It is apparent by their dancers conveying passion and excitement in every piece Davis Dance has great potential and drive. Davis Dance’s mission is advantageous for the Denver dance community by exposing dance to various audiences and welcoming a variety of artists to the stage. To meet this excitement and passion on stage, it is advised that the printed materials provided to audience members are more thoroughly revised. Insight on the company’s directors provided a greater understanding of the company’s history and growth, adding to the appreciation of this evening’s performance. By having a more concise and clear wording in their mission statement this could perhaps drive their mission forward within the Denver dance community, enhancing the company’s status and exposing their well done, passionate work to a larger audience.
The final work, Mac’s Place, appeared most fitting for the company in regards to style and performance ability. Their desire to act and maintain the embodiment of a particular character throughout the piece is applauded. The collaboration with a live band and singers continued to support the company’s mission and added a more visceral experience to the work. The use of the limited space and consideration of entrances and exits was done well. By allowing for this piece to have more time in the studio with consideration to the overall message and delivery of concept to be more fully thought out, this piece could become a full evening lengths work.
It was evident that the dancers in both companies were passionate for their art. They all showed effort and enthusiasm through their movement and performance desire. The small venue was an ideal setting for the company’s work as they continue to progress in concept and delivery. Davis Dance has a strong platform to build upon. Continuing to challenge their dancers, enhance the delivery of the message and continuing to develop a strong contemporary jazz repertoire, the company has great potential to reach the professional world-class status.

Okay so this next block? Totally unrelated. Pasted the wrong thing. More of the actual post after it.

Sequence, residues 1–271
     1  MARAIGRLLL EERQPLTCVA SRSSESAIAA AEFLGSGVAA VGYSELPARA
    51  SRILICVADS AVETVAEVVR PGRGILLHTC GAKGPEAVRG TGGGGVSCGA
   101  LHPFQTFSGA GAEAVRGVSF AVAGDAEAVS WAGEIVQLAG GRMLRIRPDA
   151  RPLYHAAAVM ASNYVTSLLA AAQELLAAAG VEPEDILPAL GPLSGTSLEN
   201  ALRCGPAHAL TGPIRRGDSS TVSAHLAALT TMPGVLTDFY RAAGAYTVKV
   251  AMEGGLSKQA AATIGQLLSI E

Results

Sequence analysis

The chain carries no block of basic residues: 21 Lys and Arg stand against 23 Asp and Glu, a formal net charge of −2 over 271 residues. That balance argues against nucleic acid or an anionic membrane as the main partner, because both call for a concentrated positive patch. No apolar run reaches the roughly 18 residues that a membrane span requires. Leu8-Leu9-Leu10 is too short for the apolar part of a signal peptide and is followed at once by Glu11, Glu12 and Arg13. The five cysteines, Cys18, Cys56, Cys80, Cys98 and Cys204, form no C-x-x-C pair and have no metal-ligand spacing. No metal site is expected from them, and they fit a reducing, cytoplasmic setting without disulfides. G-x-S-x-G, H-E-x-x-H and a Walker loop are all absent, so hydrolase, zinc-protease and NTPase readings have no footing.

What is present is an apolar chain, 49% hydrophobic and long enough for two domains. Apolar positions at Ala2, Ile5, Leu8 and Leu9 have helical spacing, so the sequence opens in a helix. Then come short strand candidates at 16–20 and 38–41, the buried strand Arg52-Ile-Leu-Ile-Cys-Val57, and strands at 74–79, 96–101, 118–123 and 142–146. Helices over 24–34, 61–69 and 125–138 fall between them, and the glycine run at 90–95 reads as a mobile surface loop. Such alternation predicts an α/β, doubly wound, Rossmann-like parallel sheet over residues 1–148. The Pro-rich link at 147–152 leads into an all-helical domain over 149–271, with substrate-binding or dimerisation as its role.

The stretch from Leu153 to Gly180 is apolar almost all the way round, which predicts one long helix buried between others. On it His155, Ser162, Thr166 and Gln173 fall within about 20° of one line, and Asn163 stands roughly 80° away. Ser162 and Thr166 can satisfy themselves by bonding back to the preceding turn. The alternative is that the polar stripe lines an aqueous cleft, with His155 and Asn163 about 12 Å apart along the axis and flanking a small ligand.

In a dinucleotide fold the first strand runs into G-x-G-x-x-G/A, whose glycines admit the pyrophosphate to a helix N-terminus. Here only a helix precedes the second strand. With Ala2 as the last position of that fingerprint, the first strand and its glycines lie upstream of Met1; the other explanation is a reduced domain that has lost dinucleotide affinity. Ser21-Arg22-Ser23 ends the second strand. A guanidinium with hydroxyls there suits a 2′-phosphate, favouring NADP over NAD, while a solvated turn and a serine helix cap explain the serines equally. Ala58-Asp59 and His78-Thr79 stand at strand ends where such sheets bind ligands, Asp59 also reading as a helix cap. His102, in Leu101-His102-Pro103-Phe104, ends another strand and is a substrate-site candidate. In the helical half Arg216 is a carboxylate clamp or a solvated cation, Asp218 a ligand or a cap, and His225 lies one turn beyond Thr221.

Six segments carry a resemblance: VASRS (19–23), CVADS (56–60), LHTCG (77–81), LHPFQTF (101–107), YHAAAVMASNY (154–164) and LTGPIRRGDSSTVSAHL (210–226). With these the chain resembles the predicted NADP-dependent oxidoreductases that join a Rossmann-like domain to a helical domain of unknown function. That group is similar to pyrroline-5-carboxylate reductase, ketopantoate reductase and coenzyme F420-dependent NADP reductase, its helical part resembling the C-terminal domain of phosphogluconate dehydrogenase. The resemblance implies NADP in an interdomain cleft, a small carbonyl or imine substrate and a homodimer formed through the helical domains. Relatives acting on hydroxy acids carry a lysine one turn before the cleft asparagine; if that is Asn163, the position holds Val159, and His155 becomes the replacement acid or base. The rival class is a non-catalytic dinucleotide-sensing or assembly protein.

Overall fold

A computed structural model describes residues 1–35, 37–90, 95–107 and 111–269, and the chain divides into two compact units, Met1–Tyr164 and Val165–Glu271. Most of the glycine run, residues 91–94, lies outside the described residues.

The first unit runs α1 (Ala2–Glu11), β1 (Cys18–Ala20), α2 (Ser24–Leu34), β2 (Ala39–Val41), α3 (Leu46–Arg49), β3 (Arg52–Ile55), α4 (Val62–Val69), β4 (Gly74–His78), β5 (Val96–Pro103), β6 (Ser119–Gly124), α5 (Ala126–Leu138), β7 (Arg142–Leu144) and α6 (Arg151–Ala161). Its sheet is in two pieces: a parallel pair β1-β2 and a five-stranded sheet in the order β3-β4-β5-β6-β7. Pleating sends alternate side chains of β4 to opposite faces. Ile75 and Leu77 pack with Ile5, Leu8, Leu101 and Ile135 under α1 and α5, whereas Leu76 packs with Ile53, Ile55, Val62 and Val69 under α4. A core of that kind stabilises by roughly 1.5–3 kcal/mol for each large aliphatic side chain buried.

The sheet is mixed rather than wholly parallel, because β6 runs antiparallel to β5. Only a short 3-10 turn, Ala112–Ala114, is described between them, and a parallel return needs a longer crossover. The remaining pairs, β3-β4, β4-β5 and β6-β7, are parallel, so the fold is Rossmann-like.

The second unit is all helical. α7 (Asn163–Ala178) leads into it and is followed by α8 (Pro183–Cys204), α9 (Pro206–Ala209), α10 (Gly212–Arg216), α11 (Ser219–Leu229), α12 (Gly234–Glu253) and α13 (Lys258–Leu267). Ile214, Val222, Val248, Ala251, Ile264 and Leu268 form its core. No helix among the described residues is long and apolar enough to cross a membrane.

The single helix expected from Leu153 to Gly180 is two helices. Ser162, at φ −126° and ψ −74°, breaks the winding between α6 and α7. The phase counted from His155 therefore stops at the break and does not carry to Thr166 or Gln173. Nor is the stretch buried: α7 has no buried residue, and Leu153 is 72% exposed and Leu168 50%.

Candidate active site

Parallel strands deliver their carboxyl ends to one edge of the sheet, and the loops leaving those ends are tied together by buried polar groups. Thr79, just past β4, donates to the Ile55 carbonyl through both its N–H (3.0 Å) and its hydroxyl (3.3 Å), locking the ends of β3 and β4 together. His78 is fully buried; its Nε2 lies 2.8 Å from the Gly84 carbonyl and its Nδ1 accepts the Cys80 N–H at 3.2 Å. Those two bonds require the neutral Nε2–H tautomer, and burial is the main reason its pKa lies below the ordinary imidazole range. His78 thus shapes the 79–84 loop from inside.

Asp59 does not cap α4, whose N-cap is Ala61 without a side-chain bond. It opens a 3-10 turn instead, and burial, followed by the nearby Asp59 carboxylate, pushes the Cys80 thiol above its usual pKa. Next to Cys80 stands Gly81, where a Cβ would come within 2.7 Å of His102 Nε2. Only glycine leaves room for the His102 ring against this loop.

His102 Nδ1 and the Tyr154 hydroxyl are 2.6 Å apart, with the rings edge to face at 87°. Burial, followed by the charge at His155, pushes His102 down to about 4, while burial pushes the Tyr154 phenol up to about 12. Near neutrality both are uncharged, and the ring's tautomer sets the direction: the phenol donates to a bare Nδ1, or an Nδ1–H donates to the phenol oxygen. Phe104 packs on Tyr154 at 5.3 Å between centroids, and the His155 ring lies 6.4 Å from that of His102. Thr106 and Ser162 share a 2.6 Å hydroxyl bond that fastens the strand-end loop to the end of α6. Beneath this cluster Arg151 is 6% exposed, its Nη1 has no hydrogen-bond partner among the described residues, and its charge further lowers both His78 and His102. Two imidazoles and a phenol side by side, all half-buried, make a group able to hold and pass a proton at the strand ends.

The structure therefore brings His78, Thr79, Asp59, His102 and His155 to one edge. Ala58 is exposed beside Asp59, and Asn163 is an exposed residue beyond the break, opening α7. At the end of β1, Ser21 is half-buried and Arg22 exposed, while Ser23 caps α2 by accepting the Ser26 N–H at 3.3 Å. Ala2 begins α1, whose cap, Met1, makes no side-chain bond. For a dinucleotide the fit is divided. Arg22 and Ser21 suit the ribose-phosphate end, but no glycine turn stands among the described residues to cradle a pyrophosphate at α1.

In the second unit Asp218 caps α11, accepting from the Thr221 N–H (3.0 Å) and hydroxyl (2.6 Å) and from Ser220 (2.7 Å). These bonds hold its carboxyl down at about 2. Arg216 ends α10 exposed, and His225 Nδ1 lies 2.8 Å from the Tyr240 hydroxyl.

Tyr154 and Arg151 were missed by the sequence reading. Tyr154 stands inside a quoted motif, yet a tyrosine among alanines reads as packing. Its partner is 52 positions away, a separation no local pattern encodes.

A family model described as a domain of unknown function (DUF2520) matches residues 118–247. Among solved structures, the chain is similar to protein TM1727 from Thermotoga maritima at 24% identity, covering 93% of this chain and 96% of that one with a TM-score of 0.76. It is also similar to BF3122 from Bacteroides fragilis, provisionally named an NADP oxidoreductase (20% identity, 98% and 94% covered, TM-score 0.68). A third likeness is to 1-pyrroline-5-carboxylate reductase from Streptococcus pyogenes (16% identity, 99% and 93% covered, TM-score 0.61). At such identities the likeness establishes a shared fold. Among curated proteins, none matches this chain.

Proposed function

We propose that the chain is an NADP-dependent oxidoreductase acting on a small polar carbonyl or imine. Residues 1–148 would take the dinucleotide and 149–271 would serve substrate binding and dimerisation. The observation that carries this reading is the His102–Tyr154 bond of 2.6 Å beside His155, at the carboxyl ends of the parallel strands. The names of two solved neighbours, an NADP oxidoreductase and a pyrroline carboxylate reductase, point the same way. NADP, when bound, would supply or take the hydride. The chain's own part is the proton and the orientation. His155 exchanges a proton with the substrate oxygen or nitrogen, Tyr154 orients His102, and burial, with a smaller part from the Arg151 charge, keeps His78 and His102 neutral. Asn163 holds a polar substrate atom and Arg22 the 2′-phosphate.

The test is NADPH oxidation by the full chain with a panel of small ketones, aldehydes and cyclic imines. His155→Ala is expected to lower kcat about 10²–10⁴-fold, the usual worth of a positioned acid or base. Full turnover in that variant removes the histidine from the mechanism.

Sutton Anker currently lives in her hometown of Littleton, Colorado. Her love of dance took root at a young age when she began dancing at a local studio. This passion grew and carried through into college and beyond. Sutton earned a Bachelor’s of Fine Arts in Dance Science from the University of Wyoming, followed by a Master’s of Science in Dance Science from Trinity Laban Conservatoire of Music and Dance in London. Her technical training is in ballet, release technique, Horton, modern, tap, jazz, vertical dance, hip-hop, pointe, and functional fitness. Throughout her B.F.A. at UW, Sutton performed in various productions including From the Ashes: A Cinderella Ballet, Duet and Power/Full (a Bill T Jones/Arnie Zane Dance Company production), The Nutcracker, Boxed Set, and Six Songs from Ellis.
Sutton has a keen interest in motor learning, motor development, and pedagogical techniques, taking several kinesiology classes in her undergraduate and graduate programs. Sutton has presented at several dance science conferences, including the 2010 Performing Arts Medical Association Conference (Specific Stretching for Individual Needs), the 2013 International Association of Dance Medicine and Science Conference (Effect of Mirrors on Dancers’ Ability to Learn Movement), and the 2016 International Association of Dance Medicine and Science Conference in Hong Kong (Master’s thesis – An Investigation of the Pedagogical Rationales for Current Mirror Use in a Ballet Technique Class).
Sutton currently works at Foothills Park and Recreation District in Children’s Programs. She has a passion for empowering kids’ creativity and educating youth on physical and mental health. Sutton continues to engage in dance by teaching at local studios, participating in classes and workshops, volunteering with Presenting Denver, and pursuing her research interests.